I haven’t taken one since. And I feel okay. The pain is still there, but it’s fading. And I still feel emotional, but not out of hand. Zeke has his good and bad moments, but he seems just fine overall. And I rather like the idea of having a few extra vicodin on hand for future moments when I feel like I really need it.

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the bris

I was convinced we were having a girl, so while Dave and I decided early on that we would do a bris if it was a boy, I didn’t really think we’d have to worry about it. Circumcision is actually a bit controversial around here, and there are some who see it as borderline abuse. A lot of the reading in our birth class was decidedly anti-circumcision, saying that while it used to be done regularly for better health and hygiene, it’s now seen as completely unnecessary an therefore should be reserved for ritual purposes only, if that.

So why would we, two generally non-practicing Jews, decide to do this to our little boy?

Other than a handful of cultural similarities, a certain Jewish “look” and the choice to celebrate or not celebrate a handful of prominent holidays, there are few things that really define you as a Jew and even fewer ways to assert that Jewishness. You can choose go to temple, you can choose to celebrate the Jewish holidays, you can add Jewish elements to your wedding or
other big life events, you can have a bar or bat mitzvah (I did, Dave didn’t – our parents’ choice mostly). The one thing you don’t really choose – you just do – is get circumcised. Dave and I both question every choice we have to make (in life, and especially with this baby) so it’s a little strange that we didn’t question this thing that is so traditional and potentially painful for the baby, but it’s just what Jews do. And even if we never go to temple, and only vaguely celebrate a handful of Jewish holidays (and celebrate Christmakkah with the Woulfins every year), we are still undeniable Jewish – and that is something we have passed on to our little boy.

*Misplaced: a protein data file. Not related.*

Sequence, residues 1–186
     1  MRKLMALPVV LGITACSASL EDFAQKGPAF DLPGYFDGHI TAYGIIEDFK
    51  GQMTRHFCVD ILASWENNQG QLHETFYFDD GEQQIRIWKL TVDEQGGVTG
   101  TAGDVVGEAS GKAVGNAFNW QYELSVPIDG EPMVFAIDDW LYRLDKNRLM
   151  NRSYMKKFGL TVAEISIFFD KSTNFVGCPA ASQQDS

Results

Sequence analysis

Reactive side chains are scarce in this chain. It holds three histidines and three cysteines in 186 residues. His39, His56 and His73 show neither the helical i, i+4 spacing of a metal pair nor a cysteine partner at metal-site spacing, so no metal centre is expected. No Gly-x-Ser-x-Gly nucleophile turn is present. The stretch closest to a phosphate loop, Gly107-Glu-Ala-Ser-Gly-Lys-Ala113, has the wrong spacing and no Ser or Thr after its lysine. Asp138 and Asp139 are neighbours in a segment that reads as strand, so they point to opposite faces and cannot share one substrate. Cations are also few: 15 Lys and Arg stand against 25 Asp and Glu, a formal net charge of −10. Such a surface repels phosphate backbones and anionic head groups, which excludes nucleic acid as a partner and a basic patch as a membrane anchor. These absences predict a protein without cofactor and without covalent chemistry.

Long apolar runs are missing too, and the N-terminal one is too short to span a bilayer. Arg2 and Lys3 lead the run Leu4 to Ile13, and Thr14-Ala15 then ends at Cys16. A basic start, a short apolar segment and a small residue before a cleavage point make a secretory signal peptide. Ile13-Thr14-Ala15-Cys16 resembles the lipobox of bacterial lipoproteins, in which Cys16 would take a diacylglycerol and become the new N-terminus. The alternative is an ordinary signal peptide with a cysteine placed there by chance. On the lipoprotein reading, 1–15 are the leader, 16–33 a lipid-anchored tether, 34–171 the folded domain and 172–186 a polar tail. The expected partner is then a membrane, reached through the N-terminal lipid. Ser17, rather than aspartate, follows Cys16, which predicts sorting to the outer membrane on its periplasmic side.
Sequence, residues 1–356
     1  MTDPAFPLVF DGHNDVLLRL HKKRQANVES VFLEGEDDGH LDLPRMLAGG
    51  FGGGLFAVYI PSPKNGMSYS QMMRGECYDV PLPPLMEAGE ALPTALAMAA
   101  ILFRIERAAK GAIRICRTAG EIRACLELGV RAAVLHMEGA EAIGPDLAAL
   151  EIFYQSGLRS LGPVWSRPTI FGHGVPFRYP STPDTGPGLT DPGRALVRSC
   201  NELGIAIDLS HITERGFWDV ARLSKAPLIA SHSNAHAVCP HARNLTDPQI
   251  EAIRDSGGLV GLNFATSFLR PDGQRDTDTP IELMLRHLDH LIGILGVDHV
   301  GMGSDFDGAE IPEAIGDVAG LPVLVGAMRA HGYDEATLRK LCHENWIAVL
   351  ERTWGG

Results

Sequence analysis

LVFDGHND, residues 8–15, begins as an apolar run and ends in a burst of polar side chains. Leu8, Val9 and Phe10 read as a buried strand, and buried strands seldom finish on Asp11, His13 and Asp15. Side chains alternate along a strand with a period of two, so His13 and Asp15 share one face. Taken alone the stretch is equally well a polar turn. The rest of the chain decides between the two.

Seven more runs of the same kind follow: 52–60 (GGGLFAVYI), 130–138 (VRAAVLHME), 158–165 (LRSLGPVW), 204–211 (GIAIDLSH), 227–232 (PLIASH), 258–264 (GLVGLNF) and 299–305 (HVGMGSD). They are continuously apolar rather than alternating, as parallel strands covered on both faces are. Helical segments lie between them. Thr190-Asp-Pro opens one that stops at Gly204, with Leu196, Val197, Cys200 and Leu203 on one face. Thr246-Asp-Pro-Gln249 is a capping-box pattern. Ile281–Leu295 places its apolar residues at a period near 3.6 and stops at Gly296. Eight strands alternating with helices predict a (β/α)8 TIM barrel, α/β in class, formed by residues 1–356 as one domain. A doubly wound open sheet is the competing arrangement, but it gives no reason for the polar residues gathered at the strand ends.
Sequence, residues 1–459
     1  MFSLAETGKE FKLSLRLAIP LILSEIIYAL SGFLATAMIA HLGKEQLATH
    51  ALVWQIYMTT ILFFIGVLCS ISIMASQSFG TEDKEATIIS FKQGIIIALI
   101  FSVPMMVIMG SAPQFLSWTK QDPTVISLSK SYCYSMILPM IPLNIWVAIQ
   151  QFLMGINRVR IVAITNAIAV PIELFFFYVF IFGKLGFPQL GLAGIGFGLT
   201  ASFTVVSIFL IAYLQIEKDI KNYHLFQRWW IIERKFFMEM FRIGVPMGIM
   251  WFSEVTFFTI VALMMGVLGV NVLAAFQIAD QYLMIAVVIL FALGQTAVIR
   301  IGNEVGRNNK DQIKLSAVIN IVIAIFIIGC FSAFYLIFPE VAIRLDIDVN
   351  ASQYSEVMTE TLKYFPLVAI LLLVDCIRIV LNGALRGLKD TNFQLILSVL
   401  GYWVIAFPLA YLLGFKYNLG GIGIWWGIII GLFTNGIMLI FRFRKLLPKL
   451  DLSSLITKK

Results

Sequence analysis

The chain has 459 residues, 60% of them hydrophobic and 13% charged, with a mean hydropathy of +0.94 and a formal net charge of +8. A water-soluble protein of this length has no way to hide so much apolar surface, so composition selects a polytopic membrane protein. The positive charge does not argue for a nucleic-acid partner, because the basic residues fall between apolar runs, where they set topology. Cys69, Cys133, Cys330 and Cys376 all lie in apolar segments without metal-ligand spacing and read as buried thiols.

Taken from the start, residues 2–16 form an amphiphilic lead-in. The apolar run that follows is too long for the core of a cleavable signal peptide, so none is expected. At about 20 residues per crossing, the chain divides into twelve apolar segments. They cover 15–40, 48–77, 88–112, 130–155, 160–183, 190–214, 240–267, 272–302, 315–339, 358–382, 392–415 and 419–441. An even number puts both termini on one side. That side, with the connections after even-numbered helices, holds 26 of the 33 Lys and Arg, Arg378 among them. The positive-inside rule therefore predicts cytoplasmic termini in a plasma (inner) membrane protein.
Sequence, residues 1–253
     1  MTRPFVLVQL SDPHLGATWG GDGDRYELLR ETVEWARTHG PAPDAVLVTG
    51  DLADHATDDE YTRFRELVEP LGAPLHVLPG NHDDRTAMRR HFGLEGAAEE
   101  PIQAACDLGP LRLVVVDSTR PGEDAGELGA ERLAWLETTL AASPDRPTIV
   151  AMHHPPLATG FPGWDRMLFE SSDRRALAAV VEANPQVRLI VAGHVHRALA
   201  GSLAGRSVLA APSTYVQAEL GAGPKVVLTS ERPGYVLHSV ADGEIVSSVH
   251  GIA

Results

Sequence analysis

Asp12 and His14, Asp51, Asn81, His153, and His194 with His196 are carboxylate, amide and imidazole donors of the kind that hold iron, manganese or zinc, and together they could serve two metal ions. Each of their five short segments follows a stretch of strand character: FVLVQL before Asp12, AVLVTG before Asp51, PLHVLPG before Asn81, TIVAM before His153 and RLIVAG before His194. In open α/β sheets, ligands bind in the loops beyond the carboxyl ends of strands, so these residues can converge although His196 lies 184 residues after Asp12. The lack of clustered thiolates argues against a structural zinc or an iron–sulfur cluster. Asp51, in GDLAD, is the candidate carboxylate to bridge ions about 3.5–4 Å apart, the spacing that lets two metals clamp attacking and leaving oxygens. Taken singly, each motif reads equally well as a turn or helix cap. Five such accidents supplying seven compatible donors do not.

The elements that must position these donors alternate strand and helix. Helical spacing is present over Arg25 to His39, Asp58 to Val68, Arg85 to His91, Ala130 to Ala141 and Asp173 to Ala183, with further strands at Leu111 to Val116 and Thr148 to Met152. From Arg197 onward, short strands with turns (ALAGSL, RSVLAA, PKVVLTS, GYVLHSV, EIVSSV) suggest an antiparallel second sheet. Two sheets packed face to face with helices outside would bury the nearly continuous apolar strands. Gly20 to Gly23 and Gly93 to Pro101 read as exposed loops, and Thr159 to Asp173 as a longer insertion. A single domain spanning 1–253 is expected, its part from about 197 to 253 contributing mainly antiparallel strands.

Most people who have their boys circumcised these days do it in the hospital or pediatrician’s office, and this was another choice we had to make. Did we want to do this quick and clinical in the sterile setting of a hospital? Or did we want to go traditional and hire a mohel? We actually did a bunch of research about this. In the hospital, they strap the baby to a board, numb him up with anesthetic, and make the cut. There is no ceremony or recognition of the event – it’s just snip and done. With a bris, we could be at home – comfortable and warm and quiet. We could have our friends and family there. It costs a lot – more than I would have thought. (But then again, would you want to hire a bargain mohel? Don’t think so.) The mohel uses anesthetic as well (though he doesn’t wear gloves), and he supposedly does it faster than regular doctors. The baby is held by a family member on a pillow – surrounded with people who love him. There is a lovely set of prayers read in his honor – about being a good person, emphasizing community and education. And his name is formally “announced” to the Jewish community. Oh – and the baby gets wine! Deservedly so I think.